As above, there are many providers of audit services. As in all things, there is variation in quality – it is vital to ensure that the auditor is suitably experienced, qualified and knows exactly what is required. it is self-evidently crucial to find out at the time of making enquiries what the auditor’s capacity is, mindful that there will be a deadline (it is no good booking an audit on the last day before it is due if the auditor is not then able to produce the report on time). An O-licence undertaking is the sum of all its parts – failing to get the audit report submitted on time will almost certainly be viewed as a failure to comply with the undertaking (no matter how good the late audit report is). This, undoubtedly, is public inquiry territory.
Preparing for the Audit
Consider again the dictionary definition quoted above: the purpose of the audit is an examination of the quality or standard of the operator’s compliance systems. Via the audit report, the Traffic Commissioner is asking for an independent view on how compliant an operator is – so there is an obvious rationale to ensuring that by the time of the audit, the report that will be produced will be as positive as it can be.
Operators ought to go through the TC audit guidance in advance in order to form a view as to where they are in relation to each of the items to be checked as part of an audit. Some auditors may be willing to send the operator a blank copy of the report template they will use so that operator can carry out its own ‘dry run’ – it is certainly worth asking. What is important is that the operator is well-prepared.
The Response to the Audit
Perhaps the most crucial element of the whole process is the way in which the operator deals with responding to the auditor’s recommendations. Frankly, no matter how well prepared an operator may be, it is highly unlikely that there will be nothing that a competent auditor has to suggest (and operators should treat a 100% perfect audit with an element of suspicion – the Traffic Commissioner certainly will).
Upon receipt of the report, in addition to sense-checking that it is complete, covers everything it should and is correctly formatted (reference again the OTC guidance), operators should check that the findings are reflective of what the operator believes was shown to the auditor. Whilst the auditor must, of course, remain independent (so it is plainly inappropriate to ask the auditor to re-write negative elements of the report if they are accurate), the operator is fully entitled to raise queries where it appears the auditor has misunderstood something – or just made a mistake.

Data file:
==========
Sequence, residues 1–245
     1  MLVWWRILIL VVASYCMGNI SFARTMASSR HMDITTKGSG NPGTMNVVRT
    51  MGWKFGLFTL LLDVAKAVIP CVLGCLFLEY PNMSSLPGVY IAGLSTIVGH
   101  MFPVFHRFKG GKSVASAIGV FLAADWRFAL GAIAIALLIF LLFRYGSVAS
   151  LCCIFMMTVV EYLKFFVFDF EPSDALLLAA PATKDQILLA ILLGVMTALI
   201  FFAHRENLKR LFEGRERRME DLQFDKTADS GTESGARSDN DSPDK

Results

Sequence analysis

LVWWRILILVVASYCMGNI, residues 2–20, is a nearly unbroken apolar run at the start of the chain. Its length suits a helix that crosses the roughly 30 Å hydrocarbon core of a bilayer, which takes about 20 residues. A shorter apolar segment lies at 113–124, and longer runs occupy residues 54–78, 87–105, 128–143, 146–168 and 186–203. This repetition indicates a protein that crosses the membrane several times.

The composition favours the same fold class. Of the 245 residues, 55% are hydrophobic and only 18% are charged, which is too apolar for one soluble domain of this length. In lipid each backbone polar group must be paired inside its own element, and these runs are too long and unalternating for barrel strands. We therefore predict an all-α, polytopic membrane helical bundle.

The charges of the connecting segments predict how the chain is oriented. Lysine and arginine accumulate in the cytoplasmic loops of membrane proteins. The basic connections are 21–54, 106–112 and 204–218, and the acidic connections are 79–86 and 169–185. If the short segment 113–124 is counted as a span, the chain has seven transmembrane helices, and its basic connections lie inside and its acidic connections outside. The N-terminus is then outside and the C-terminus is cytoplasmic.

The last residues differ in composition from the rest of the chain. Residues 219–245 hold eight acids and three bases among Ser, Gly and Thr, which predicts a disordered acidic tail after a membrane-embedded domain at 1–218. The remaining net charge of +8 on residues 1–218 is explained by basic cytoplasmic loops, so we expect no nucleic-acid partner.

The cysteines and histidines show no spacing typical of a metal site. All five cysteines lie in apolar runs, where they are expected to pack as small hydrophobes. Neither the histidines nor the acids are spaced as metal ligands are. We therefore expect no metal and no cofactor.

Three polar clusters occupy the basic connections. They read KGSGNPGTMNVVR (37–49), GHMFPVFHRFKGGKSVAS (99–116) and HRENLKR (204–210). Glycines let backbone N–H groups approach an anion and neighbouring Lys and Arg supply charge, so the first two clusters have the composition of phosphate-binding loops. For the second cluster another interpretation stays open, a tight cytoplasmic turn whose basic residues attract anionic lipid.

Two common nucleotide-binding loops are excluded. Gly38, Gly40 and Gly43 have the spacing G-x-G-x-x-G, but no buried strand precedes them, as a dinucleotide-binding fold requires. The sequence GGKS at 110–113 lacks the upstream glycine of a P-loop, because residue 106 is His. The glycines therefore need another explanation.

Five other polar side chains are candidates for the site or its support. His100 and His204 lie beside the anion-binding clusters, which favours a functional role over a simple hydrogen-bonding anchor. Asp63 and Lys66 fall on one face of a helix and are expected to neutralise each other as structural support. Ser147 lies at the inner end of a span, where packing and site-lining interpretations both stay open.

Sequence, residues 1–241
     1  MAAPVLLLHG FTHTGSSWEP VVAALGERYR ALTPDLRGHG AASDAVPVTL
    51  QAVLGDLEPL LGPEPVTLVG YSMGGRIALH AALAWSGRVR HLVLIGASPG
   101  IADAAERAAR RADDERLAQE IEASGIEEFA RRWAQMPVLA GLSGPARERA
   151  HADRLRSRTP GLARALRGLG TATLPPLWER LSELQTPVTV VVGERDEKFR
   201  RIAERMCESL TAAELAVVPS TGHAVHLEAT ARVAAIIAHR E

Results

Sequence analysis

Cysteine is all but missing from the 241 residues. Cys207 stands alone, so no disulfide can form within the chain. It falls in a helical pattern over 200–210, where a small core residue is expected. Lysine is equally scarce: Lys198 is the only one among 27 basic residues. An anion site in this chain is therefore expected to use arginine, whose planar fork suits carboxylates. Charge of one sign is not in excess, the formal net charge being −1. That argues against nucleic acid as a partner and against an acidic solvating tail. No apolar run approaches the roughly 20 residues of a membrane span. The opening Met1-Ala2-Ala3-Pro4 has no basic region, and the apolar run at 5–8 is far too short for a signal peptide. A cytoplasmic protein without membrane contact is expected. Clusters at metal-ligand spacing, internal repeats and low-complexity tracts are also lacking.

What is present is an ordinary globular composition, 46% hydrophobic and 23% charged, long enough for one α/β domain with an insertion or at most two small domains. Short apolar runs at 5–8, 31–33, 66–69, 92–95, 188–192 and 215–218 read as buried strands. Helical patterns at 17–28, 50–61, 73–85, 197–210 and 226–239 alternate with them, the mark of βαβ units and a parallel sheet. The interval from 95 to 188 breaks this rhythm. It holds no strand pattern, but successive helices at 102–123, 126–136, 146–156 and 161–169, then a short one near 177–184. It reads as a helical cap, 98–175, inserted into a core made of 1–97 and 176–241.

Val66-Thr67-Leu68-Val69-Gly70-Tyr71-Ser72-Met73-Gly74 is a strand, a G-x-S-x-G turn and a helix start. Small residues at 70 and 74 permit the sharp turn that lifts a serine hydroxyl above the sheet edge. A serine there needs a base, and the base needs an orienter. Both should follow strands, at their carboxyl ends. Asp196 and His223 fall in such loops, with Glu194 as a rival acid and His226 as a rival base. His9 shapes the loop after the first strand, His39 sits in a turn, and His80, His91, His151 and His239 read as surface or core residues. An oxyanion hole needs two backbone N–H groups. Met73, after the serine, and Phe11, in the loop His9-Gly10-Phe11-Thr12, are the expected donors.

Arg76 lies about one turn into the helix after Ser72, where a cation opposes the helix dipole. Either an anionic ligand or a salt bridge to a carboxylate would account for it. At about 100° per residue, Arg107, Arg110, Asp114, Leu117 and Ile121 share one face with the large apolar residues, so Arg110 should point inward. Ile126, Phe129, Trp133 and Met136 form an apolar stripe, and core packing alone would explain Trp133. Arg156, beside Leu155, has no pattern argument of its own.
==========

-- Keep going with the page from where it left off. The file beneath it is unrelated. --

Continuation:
Assuming that the report is a true reflection, the operator should then set about producing a detailed written response. Each individual recommendation should be explicitly referred to, and in relation to each the operator should set out a response to the recommendation. In most cases, this is likely to involve realistic, achievable plans to implement the recommendations, to include a feasible timetable. Yet equally, it should be borne in mind that these are recommendations, not stipulations. Whilst the benefit of good auditors is their experience and expertise, they do no have the final say; if something that the auditor has recommended is simply not feasible, or the operator has a genuine objection to, then – being mindful always of the rationale for the recommendation – the operator is entitled to form an alternative view, as long as it is explained. What is important is that it is clear to the Traffic Commissioner that the operator has applied genuine consideration to each of the recommendations.
Most fundamentally, the operator will be held to the promises made in this document – so operators should be wary of saying they will do something which is unrealistic.
As well as being late on submitting the audit, any shortcomings in the format and content of the audit, or failing to produce a suitable response at all, will be regarded as a failure to comply with the undertaking. This, again, is public inquiry territory.
Then, of course, the findings of the audit and the content and quality of the operator’s response will be scrutinised by the Traffic Commissioner, and glaring compliance issues (or failures to respond to them properly) will very likely trigger a further call-up to Public Inquiry.
All of that said, following the process properly might just be the saving of an operator’s licence!